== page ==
This restaurant is owned by people from Andhra Pradesh, and their two main chefs are from Andhra and Tamil Nadu. They have a diverse menu including a few typical Indian-American Mughlai/Punjabi staples, Indian style Chinese offerings, and an expansive selection of South Indian dishes, from curries to dosas to kothu parotta.
We decided to focus on South Indian specialties and a few Indian-Chinese dishes for our lunch.
For appetizers, we got chicken 65 (sort of like a chicken pakora tossed in seasonings, mirchi bhaji (long green chile pakoras), and calamari porichathu (squid ring pakoras). If these items had been bad, it would be like some batter dipped Indian Long John Silver's basket from hell. But all of these items were excellent, and each one tasted distinct despite all being batter fried. I would recommend any one of these again.
From the Indian-Chinese menu, we got Mumbai Chili in the paneer option (other choice was chicken), which is the classic dish, Chili paneer. This dish was perfectly seasoned, very flavorful, and the paneer was very tender. It was very enjoyable.
We also ordered lamb fried rice. The lamb was tender, and it was basmati rice instead of any of the types of rice one might find in a Chinese restaurant, but aside from that, despite being well made, nothing about this rice stood out to me as being different than a typical American Chinese style fried rice. I was very pleased with the tender lamb, though, as lamb in restaurants can sometimes be too gamey of tough.
In addition, we selected two South Indian curries: Chettinaad chicken, and gongura chicken.
The chettinaad chicken had a deliciously spicy gravy.
The gongura chicken impressed me the least, perhaps since it wasn't so brightly seasoned, and the sourness of the gongura greens wasn't appealing to me. Gongura is a leaf vegetable known as Indian sorrel, and is characteristic of Andhra cuisine.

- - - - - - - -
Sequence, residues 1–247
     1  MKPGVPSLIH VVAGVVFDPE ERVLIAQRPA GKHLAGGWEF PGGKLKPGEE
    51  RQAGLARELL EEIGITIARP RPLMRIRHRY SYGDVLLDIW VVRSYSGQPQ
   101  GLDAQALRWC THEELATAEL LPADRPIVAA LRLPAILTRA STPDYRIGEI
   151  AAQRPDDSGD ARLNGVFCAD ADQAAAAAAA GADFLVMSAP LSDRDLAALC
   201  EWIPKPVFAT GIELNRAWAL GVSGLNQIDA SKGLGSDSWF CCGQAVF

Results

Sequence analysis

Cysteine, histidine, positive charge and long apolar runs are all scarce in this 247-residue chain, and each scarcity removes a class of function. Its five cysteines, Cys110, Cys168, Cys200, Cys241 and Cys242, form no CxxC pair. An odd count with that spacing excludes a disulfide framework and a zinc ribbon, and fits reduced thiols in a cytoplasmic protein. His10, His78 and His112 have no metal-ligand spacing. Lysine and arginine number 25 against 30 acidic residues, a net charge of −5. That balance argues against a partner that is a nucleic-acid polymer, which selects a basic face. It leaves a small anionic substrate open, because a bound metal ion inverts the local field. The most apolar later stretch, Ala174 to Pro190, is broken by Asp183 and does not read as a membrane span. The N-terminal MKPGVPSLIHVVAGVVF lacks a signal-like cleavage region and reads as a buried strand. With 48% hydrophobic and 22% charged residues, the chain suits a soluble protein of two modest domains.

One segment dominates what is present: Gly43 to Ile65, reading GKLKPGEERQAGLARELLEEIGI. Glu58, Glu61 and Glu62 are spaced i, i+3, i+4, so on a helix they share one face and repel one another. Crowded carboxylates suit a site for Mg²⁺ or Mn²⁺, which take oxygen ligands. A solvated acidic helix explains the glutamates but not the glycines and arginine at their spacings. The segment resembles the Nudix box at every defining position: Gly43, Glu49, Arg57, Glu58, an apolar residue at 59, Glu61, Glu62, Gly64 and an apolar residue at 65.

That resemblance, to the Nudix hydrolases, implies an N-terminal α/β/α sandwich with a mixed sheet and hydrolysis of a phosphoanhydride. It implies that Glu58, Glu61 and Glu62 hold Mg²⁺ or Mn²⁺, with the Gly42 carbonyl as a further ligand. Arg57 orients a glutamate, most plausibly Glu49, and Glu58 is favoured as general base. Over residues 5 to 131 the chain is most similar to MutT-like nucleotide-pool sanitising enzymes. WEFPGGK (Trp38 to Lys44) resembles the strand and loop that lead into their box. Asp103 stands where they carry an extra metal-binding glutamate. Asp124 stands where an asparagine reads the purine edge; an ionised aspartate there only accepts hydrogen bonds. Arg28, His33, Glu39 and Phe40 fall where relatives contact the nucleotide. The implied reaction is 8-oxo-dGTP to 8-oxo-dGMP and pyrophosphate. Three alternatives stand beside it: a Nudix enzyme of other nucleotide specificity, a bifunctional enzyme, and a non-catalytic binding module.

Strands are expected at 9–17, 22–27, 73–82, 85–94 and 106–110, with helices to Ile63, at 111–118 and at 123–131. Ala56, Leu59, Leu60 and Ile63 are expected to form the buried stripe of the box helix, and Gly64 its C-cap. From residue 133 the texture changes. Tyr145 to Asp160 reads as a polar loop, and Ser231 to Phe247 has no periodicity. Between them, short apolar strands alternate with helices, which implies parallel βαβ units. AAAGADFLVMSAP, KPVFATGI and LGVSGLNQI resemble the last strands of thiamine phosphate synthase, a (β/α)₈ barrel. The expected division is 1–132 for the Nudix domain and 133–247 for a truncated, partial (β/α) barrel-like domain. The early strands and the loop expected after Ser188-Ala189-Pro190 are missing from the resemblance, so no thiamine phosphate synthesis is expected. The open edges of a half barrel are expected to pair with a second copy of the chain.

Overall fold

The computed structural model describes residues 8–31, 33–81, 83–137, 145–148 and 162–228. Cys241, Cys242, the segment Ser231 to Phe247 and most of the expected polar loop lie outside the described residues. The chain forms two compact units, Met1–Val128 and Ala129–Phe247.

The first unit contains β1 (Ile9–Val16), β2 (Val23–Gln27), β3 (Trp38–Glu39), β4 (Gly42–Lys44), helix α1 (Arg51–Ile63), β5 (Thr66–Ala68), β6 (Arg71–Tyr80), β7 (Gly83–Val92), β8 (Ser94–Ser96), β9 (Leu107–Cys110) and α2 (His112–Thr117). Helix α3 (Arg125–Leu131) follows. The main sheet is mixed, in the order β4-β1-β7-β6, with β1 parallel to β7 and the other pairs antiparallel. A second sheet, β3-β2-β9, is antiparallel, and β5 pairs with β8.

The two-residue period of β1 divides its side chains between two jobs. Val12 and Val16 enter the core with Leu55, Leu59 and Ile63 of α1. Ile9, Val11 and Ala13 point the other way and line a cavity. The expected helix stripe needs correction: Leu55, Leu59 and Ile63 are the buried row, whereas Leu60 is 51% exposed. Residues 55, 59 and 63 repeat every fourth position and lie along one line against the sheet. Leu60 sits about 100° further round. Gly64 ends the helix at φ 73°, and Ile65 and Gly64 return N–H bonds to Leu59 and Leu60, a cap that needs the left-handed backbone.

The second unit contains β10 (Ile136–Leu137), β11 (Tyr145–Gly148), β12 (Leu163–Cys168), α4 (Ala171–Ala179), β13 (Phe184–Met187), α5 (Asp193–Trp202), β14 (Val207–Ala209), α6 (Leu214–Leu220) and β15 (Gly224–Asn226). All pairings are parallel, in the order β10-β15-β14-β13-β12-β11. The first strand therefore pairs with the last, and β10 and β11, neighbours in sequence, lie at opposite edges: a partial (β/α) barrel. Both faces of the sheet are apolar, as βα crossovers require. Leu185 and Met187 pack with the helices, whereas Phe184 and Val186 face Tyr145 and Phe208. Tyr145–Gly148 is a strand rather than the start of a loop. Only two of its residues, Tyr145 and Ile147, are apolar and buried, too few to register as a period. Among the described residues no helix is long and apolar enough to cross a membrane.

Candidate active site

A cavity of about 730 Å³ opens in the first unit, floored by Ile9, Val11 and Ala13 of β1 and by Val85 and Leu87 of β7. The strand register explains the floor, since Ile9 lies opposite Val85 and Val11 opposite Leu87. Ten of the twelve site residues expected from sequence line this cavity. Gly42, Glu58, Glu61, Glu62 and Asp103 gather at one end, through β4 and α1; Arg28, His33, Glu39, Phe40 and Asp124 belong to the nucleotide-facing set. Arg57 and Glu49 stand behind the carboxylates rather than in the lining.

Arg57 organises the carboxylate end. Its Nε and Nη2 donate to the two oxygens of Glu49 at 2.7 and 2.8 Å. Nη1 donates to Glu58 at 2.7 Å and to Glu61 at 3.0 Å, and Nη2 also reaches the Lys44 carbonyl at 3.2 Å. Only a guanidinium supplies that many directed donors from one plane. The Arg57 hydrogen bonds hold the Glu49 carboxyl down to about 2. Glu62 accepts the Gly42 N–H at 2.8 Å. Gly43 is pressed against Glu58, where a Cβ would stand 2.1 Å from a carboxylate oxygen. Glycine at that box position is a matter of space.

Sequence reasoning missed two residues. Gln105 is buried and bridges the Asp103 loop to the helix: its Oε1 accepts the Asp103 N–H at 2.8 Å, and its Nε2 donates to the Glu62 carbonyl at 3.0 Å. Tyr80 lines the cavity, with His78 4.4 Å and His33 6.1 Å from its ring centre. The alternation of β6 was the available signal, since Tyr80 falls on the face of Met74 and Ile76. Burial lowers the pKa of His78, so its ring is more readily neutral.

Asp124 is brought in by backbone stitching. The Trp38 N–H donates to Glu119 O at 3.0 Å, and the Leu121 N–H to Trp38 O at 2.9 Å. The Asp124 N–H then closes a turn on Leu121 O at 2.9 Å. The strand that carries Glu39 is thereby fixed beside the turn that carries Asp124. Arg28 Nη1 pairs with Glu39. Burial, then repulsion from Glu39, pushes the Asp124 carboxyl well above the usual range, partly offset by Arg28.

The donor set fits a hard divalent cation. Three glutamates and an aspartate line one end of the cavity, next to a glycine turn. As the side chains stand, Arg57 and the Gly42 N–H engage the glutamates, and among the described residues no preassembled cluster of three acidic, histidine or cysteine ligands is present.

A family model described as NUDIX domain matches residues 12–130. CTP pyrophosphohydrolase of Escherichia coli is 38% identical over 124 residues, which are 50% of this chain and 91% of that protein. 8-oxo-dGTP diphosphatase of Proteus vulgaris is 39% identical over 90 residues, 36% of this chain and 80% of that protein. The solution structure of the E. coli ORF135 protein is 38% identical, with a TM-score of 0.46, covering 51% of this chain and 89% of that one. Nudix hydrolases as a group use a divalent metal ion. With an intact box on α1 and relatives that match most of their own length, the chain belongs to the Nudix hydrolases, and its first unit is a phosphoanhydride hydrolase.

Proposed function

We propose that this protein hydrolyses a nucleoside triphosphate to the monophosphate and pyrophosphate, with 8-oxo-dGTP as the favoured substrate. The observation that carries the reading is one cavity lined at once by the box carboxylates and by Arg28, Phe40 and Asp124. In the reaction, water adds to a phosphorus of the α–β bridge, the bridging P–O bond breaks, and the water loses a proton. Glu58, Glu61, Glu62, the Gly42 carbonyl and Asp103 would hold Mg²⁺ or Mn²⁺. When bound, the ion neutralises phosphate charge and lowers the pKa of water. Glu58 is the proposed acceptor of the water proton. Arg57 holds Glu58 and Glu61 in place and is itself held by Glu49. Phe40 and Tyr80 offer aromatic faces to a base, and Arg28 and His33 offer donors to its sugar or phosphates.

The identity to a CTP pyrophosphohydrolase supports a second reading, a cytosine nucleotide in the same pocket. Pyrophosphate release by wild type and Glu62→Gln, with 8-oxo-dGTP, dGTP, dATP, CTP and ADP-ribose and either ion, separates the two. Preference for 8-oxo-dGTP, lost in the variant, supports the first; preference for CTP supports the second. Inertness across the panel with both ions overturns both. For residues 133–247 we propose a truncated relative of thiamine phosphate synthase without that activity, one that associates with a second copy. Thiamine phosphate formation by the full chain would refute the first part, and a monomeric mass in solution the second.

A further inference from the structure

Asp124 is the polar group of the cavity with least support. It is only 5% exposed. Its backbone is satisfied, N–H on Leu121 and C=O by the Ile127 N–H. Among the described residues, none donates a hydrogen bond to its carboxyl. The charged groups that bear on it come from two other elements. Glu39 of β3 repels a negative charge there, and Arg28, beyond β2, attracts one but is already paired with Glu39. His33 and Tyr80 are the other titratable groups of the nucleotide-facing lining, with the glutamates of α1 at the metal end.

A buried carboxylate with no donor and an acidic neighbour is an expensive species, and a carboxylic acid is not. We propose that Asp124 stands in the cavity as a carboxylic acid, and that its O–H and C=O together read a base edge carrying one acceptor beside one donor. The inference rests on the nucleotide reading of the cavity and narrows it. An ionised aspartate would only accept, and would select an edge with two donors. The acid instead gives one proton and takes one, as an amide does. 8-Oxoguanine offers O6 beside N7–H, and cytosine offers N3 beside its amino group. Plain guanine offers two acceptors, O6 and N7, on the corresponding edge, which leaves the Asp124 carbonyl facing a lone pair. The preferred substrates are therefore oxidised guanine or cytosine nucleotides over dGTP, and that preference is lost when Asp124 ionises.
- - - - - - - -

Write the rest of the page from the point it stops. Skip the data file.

Lastly, we ordered a plate of egg kottu parotha, which is a classic South Indian street food of chopped up white flour griddle fried flat bread which is cooked with vegetables and the protein of your choice (Akshaya offers veg, chicken, egg, and shrimp kottu parotha.) This was really great, and even though everyone was stuffed as could be, we were all still helping ourselves to a little bit more.
This is a really great restaurant to try some unique regional South Indian food and well made Indian style Chinese food. (The Indian Chinese here beats Masala Wok by a long shot.)
I actually made a take away order of mirchi ka saalan (long green chiles cooked in peanut-coconut-sesame-tamarind sauce) and Hyderbadi biryani, two other classic Andhra specialties from the city of Hyderabad. Both were excellent, and I would highly recommend these, too.
I would recommend this restaurant and definitely will be back there again. There are quite a few other interesting looking things on the menu that I would like to try, like some specifically South Indian style biryanis, and more of the South Indian curries. (They seem to have a good mix of Andhra and Tamilian classic dishes.)
They also offer dosa, idli, uttappam, and vadas, so I will keep them in mind for those items, too.
They have a lunch buffet but also allow you to order off of the menu at lunch time, just FYI. Diners are spoiled for choice here, and although we didn't try any of the Mughlai type items, every other genre we hit proved to be quite good.